Spencer Platt Getty Images

Hurricane Sandy wrecked hundreds of thousands of cars all along the New York and New Jersey shorelines, and could cost auto insurers around $800 million. That's not their only problem; disposing of these water-damaged vehicles is not so simple.

If you have comprehensive coverage on a damaged car, the insurance company gives you a check and the car disappears from your life. But then what?

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9:35am

Sat December 8, 2012
U.S.

Sign Of The Times: Labor Strikes May Make Comeback

Originally published on Tue December 11, 2012 12:04 pm

An empty container ship waited near the Port of Los Angeles during the eight-day strike by members of the International Longshore and Warehouse Union. The stoppage put a halt to most of the work at the Los Angeles and Long Beach ports.
Kevork Djansezian Getty Images

When clerical workers at the ports of Los Angeles and Long Beach reached an impasse in talks with management over job security last week, they took what has become something of a rare step: They went on strike.

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8:20am

Sat December 8, 2012
The Two-Way

Egypt's Morsi Reportedly Poised To Allow Military To Arrest Civilians

Originally published on Sat December 8, 2012 12:47 pm

Protesters gather in Tahrir Square in Cairo, Egypt, on Tuesday. Tens of thousands of Egyptians also gathered outside the presidential palace in Cairo in demonstrations that turned violent as tensions grew over President Mohammed Morsi's seizure of nearly unrestricted powers.
Maya Alleruzzo AP

Some outraged protesters remain around the Egyptian presidential palace in Cairo today, as opponents of President Mohammed Morsi defy his recent ruling granting himself executive powers that can't be questioned by a court.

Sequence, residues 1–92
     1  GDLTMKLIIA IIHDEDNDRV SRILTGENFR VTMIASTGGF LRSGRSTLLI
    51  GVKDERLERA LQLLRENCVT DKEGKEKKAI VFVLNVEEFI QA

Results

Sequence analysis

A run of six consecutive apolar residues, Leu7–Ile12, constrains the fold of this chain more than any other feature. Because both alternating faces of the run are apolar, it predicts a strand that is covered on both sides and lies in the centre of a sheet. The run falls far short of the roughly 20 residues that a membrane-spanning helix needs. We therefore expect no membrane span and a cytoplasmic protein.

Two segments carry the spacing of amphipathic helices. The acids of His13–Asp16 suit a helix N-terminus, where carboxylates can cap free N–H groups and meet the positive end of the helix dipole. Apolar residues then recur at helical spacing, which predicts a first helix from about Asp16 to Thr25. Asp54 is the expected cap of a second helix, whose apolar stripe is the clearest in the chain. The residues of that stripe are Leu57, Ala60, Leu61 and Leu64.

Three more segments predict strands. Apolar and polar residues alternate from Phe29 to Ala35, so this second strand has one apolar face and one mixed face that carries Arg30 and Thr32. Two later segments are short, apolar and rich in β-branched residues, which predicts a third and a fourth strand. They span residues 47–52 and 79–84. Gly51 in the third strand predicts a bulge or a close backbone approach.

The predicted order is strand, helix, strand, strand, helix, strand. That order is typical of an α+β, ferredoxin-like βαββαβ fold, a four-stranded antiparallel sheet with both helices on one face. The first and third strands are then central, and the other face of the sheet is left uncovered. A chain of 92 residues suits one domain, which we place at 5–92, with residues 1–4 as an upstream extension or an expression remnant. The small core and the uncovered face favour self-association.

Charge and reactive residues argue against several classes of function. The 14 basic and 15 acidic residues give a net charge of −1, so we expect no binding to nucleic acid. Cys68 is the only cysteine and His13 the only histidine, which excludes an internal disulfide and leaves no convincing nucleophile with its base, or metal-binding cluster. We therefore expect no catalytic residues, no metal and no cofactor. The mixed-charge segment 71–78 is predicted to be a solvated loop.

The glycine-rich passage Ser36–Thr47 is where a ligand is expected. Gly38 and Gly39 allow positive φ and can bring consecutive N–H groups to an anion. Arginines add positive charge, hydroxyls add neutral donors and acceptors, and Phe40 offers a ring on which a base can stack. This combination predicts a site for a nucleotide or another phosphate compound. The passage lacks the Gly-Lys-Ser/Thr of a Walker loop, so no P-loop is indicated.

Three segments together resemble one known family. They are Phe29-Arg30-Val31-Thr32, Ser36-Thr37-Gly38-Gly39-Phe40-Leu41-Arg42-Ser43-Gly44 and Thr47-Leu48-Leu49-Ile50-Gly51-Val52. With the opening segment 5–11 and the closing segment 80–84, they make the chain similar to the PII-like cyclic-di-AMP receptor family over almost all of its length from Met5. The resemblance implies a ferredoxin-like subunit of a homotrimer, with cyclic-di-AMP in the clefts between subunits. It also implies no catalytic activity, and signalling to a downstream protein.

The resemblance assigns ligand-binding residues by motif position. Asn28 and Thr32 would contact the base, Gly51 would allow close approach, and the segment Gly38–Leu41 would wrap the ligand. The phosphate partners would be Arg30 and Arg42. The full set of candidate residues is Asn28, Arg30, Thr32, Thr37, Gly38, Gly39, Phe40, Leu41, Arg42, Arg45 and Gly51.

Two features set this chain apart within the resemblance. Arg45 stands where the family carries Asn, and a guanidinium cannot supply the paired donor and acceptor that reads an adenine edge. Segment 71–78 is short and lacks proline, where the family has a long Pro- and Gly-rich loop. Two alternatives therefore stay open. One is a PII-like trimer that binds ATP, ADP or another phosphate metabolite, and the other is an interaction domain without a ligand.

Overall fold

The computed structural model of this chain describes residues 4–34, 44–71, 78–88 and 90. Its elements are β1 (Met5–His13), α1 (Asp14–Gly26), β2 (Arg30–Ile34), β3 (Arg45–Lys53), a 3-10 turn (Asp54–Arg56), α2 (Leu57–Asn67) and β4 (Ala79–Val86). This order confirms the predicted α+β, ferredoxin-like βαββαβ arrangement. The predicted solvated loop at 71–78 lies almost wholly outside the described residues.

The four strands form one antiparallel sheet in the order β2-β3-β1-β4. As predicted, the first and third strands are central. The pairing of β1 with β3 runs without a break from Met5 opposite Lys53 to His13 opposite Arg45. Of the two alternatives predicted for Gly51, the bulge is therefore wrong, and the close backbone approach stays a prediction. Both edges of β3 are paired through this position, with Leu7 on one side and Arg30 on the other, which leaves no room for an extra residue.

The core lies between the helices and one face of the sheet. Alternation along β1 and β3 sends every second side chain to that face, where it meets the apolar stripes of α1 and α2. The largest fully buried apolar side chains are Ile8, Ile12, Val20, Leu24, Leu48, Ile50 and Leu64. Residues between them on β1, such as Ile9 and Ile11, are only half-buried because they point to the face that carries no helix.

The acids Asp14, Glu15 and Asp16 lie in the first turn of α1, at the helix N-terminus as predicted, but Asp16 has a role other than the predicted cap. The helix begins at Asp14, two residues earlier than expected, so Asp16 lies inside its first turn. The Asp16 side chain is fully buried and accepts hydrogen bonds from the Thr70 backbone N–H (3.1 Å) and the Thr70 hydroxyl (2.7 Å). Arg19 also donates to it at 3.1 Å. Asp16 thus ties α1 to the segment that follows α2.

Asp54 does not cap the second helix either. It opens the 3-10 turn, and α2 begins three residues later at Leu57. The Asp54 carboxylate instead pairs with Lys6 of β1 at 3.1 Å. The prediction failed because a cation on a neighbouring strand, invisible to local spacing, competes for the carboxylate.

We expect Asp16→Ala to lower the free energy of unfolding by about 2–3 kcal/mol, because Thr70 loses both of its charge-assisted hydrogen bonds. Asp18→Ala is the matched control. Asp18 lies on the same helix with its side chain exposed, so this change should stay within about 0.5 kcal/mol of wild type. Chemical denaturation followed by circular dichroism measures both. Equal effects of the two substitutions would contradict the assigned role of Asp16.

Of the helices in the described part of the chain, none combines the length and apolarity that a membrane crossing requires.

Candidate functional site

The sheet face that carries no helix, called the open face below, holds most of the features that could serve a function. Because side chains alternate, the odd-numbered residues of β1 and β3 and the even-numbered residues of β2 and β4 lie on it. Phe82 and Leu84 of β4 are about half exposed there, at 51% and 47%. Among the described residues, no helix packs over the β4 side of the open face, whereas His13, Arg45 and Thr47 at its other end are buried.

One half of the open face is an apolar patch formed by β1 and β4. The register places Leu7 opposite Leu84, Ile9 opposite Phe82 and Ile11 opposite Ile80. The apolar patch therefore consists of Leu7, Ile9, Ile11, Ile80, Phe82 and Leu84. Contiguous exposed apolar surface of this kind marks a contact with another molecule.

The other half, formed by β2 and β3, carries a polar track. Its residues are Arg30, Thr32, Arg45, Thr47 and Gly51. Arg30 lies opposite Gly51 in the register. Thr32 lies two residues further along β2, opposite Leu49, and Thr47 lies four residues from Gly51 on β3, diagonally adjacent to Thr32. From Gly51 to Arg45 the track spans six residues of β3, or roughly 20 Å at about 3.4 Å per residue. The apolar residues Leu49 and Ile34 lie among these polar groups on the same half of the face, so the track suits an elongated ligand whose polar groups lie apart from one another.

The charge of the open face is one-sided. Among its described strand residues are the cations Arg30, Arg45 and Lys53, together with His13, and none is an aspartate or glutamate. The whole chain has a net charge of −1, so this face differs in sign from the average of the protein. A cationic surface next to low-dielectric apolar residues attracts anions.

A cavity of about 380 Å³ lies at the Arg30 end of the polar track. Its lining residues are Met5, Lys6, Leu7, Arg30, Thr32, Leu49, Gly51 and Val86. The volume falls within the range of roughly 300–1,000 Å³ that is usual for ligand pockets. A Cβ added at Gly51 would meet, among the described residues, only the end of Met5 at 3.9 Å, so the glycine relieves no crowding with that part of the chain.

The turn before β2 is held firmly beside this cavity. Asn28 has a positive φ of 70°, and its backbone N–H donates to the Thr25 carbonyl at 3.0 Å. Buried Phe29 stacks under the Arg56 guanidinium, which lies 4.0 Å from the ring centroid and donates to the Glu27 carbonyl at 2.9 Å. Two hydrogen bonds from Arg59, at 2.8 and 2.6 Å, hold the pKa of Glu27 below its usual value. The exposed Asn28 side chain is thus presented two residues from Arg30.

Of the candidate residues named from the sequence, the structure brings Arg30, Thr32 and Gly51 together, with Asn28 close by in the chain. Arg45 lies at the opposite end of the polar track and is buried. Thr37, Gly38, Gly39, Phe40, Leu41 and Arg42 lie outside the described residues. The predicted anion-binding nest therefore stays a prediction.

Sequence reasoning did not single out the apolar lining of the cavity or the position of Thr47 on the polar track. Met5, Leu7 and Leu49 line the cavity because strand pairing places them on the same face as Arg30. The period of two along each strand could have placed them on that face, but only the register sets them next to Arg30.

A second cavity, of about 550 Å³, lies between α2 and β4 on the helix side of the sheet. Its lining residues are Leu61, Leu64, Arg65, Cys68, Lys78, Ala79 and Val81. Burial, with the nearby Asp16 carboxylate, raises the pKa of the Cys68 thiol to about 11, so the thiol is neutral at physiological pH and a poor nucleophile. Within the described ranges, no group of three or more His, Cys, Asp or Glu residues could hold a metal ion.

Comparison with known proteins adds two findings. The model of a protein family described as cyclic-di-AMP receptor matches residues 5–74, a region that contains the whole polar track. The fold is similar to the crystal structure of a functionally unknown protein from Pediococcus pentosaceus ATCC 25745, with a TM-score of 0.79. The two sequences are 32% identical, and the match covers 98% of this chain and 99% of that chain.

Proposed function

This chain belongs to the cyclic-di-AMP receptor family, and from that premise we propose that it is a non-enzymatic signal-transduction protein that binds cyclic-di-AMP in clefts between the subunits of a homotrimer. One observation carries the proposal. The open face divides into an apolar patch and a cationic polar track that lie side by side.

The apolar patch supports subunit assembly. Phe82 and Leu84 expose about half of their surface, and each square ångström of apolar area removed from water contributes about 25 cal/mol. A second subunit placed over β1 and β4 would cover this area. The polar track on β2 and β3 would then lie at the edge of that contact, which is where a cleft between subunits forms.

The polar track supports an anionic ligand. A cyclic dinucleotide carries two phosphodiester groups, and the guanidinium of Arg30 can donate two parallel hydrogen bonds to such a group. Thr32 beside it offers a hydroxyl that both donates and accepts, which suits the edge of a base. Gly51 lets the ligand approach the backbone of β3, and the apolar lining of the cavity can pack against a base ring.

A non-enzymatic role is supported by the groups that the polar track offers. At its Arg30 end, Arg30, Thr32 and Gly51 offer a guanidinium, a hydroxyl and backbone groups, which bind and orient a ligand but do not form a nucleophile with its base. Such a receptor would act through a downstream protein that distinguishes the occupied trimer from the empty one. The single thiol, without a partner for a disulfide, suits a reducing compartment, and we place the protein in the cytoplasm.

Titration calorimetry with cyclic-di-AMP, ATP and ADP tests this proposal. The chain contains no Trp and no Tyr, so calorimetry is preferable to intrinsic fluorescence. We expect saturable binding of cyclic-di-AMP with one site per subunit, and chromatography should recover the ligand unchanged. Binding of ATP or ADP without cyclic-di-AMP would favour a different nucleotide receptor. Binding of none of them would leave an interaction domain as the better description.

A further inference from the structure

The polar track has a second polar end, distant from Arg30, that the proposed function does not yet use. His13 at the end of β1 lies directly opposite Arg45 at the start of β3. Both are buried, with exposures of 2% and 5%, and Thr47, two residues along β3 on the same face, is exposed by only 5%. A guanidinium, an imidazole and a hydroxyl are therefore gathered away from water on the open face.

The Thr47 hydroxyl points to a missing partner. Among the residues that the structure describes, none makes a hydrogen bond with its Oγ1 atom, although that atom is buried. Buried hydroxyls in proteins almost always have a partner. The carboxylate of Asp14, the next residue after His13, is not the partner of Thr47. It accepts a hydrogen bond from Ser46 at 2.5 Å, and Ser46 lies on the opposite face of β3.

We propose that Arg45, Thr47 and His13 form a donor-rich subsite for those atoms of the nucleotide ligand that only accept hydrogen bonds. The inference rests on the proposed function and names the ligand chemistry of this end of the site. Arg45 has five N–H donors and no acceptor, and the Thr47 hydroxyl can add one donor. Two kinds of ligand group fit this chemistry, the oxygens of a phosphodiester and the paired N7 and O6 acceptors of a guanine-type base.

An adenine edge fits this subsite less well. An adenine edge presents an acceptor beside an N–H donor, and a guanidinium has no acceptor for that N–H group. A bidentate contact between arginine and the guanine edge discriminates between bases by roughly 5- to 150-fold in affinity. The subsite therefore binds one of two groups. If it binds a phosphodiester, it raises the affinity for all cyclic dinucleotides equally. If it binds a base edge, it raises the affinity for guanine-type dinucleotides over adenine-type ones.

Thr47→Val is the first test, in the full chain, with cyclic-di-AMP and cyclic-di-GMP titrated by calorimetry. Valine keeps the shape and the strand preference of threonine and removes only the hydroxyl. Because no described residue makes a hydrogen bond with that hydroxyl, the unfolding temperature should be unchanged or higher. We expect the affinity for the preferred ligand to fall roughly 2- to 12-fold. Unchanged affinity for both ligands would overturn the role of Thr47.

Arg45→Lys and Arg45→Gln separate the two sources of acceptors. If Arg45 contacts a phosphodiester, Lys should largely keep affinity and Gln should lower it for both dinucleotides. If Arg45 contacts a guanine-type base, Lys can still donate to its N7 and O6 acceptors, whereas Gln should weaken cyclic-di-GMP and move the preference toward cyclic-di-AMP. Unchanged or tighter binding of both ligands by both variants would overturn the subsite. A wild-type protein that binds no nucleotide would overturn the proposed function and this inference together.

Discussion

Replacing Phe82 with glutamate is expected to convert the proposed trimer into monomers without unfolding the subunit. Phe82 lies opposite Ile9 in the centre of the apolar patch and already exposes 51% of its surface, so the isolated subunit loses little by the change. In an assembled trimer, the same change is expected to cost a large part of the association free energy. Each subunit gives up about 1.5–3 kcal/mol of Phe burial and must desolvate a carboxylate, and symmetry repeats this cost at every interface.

Now there's word he may have signed a new order allowing soldiers to detain and arrest civilians, a right that's reserved for police officers.

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6:03am

Sat December 8, 2012
Fresh Air Weekend

Fresh Air Weekend: Judd Apatow, Colm Toibin

Originally published on Sat December 8, 2012 10:17 am

Five years after Judd Apatow's Knocked Up, Paul Rudd and Leslie Mann reprise their roles as married couple Pete and Debbie. Now years into their marriage with two kids (played by Iris and Maude Apatow), Pete and Debbie approach 40 less than gracefully.
Suzanne Hanover Universal Studios

Fresh Air Weekend highlights some of the best interviews and reviews from past weeks, and new program elements specially paced for weekends. Our weekend show emphasizes interviews with writers, filmmakers, actors and musicians, and often includes excerpts from live in-studio concerts. This week:

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4:38am

Sat December 8, 2012
Strange News

'Hey Bird, What Are You Doing With That Butt?'

Transcript

SCOTT SIMON, HOST:

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4:38am

Sat December 8, 2012
Africa

Tensions Continue Over Egypt's Constitution Fight

Transcript

(SOUNDBITE OF MUSIC)

SCOTT SIMON, HOST:

This is WEEKEND EDITION from NPR News. I'm Scott Simon.

Tens of thousands of people were again protesting at the gates of the Presidential Palace in Cairo overnight. And yesterday, protesters broke through the barbed-wire barricades to climb on tanks that were stationed to keep them at bay.